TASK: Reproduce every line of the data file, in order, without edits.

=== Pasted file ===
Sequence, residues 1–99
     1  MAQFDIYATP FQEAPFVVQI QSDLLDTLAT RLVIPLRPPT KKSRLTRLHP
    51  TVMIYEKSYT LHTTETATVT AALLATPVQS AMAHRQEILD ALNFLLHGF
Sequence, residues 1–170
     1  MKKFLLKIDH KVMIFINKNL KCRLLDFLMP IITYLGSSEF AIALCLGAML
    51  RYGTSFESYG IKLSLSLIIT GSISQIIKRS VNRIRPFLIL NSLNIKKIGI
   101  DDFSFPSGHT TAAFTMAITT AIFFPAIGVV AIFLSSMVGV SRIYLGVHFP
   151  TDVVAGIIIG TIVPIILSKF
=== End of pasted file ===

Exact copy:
Sequence, residues 1–99
     1  MAQFDIYATP FQEAPFVVQI QSDLLDTLAT RLVIPLRPPT KKSRLTRLHP
    51  TVMIYEKSYT LHTTETATVT AALLATPVQS AMAHRQEILD ALNFLLHGF
Sequence, residues 1–170
     1  MKKFLLKIDH KVMIFINKNL KCRLLDFLMP IITYLGSSEF AIALCLGAML
    51  RYGTSFESYG IKLSLSLIIT GSISQIIKRS VNRIRPFLIL NSLNIKKIGI
   101  DDFSFPSGHT TAAFTMAITT AIFFPAIGVV AIFLSSMVGV SRIYLGVHFP
   151  TDVVAGIIIG TIVPIILSKF